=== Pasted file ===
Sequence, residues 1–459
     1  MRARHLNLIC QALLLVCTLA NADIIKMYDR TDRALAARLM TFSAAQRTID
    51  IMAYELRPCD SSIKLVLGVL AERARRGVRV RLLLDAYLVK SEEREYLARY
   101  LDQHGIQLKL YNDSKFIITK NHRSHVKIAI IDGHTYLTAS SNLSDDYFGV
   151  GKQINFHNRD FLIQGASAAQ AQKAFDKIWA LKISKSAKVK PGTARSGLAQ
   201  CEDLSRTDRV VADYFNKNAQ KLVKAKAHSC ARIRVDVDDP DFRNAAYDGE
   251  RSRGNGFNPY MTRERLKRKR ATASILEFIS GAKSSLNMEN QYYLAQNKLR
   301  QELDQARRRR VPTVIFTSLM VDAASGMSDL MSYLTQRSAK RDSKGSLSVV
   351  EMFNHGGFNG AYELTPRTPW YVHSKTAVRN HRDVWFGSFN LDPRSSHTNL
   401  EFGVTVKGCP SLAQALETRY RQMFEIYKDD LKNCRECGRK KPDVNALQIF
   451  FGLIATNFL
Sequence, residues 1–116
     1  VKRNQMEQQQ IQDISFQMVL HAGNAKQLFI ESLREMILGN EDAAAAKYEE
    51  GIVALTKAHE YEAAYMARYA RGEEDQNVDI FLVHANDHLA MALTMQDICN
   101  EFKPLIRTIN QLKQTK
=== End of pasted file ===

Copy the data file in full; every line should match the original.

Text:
Sequence, residues 1–459
     1  MRARHLNLIC QALLLVCTLA NADIIKMYDR TDRALAARLM TFSAAQRTID
    51  IMAYELRPCD SSIKLVLGVL AERARRGVRV RLLLDAYLVK SEEREYLARY
   101  LDQHGIQLKL YNDSKFIITK NHRSHVKIAI IDGHTYLTAS SNLSDDYFGV
   151  GKQINFHNRD FLIQGASAAQ AQKAFDKIWA LKISKSAKVK PGTARSGLAQ
   201  CEDLSRTDRV VADYFNKNAQ KLVKAKAHSC ARIRVDVDDP DFRNAAYDGE
   251  RSRGNGFNPY MTRERLKRKR ATASILEFIS GAKSSLNMEN QYYLAQNKLR
   301  QELDQARRRR VPTVIFTSLM VDAASGMSDL MSYLTQRSAK RDSKGSLSVV
   351  EMFNHGGFNG AYELTPRTPW YVHSKTAVRN HRDVWFGSFN LDPRSSHTNL
   401  EFGVTVKGCP SLAQALETRY RQMFEIYKDD LKNCRECGRK KPDVNALQIF
   451  FGLIATNFL
Sequence, residues 1–116
     1  VKRNQMEQQQ IQDISFQMVL HAGNAKQLFI ESLREMILGN EDAAAAKYEE
    51  GIVALTKAHE YEAAYMARYA RGEEDQNVDI FLVHANDHLA MALTMQDICN
   101  EFKPLIRTIN QLKQTK